There are also limitations to using the data from the cholera vaccine trial to simulate the benefits of a ring vaccination strategy. The original campaign delivered two doses of vaccine to participants over a short time and then followed them prospectively for 5 y. This analysis then attempts to use these data to estimate the benefits of achieving high coverage among cohorts close to cases using a ring vaccination strategy. In practice, ring vaccination campaigns in which 500–1,000 neighbors are given vaccine will be challenging, and protection would have to depend on protection derived from herd protection starting with the first dose, even though the second dose could be given later. Such a ring vaccination strategy would depend on vaccine being available on site, with field teams trained and ready to vaccinate immediately when a case is confirmed. It would also depend on clinical teams screening patients for cholera and laboratory staff being able to carry out rapid testing of fecal specimens. The clinical, laboratory, and field teams would need to be well coordinated, thus adding to the difficulty of such a strategy.
A second limitation of the hypothetical ring vaccination strategy represented by this study is the several days’ delay until the development of protective immunity; thus, other strategies would be needed to prevent cases during the first week after diagnosis of the index case, which is the time of highest risk. An intensive WASH (water, sanitation, and hygiene) strategy was found to be effective in reducing infections in households of cases and may be part of a comprehensive intervention strategy . Though an immune response will take a few days, in a cholera endemic area like Kolkata, a single dose might induce a more rapid booster response, thus initiating protection more quickly than in cholera naïve areas. In such an area, a single dose would have to be protective, as was recently observed in Dhaka, Bangladesh .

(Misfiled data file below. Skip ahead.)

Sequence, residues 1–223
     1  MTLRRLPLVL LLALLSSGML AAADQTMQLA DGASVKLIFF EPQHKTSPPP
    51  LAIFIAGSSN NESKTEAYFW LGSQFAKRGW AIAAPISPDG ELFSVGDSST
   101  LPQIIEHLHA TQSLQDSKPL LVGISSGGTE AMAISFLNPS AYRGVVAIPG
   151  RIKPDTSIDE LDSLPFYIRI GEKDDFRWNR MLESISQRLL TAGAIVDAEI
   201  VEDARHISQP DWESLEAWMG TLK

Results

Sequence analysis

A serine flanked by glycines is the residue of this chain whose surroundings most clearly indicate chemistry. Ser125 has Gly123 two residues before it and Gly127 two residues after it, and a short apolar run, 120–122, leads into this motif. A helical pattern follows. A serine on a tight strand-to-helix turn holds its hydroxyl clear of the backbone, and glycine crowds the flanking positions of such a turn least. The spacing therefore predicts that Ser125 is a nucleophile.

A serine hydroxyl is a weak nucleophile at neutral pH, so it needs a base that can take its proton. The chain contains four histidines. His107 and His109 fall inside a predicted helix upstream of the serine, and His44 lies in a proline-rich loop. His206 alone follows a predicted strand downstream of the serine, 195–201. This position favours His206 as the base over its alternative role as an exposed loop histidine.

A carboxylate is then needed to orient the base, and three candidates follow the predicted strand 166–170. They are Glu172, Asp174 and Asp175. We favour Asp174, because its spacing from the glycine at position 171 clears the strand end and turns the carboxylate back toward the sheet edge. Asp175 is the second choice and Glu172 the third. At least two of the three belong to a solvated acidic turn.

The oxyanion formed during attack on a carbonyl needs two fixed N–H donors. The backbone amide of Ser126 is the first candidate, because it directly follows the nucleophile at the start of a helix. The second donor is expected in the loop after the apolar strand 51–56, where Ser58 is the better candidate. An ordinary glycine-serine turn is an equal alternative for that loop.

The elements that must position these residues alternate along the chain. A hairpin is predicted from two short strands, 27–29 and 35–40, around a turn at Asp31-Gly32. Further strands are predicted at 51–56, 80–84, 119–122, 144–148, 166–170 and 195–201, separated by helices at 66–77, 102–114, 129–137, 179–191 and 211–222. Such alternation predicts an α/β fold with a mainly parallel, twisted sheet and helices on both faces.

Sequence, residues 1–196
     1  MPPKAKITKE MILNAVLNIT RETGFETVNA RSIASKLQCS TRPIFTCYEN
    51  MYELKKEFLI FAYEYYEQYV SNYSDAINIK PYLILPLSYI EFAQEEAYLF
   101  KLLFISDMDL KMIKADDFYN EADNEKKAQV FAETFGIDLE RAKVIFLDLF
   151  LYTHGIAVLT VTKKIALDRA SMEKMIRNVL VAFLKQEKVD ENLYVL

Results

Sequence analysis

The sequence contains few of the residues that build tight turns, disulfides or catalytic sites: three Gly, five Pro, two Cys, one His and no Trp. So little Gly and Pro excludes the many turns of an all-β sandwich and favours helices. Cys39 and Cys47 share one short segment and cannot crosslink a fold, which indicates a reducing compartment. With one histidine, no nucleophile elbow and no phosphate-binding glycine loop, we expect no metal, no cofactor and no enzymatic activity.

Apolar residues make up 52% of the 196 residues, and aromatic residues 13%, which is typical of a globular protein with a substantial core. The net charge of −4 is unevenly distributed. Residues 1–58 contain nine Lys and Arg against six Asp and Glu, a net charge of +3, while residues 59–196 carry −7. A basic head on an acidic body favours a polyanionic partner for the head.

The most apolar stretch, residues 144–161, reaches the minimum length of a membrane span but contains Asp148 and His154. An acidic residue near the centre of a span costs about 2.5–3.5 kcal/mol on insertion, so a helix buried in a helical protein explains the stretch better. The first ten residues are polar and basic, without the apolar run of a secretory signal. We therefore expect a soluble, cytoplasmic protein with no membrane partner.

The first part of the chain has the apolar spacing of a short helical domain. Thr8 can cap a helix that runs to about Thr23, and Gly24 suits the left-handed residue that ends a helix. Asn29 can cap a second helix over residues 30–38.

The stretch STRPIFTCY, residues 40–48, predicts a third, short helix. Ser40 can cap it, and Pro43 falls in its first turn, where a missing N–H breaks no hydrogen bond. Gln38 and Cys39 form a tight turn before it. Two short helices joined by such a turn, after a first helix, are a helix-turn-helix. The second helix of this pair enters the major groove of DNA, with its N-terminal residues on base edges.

Policy makers will need to select OCV strategies most likely to have an impact on transmission while maximizing the cost-effectiveness of OCV use . Transmission hotspots of diseases have recently been exploited to devise novel prevention and control approaches [25,26]. Since the risk is extremely high among people living close to a case, these may be considered “transmission hotspots.” Our study suggests that a ring vaccination strategy could effectively reduce the threat of cholera by breaking the transmission chain. Since this strategy targets only the households around the case, and not the entire locality, the number of doses required is much smaller, potentially improving the cost-effectiveness of vaccination substantially.
In conclusion, our results illustrate the high risk to individuals living close to cholera cases and provide evidence that ring vaccination could be an effective strategy to consider when controlling cholera in cholera-affected areas. Further studies are needed to test the feasibility and effectiveness of ring vaccination, and to determine how to integrate vaccination into a more comprehensive and integrated set of interventions to prevent cases and prevent transmission.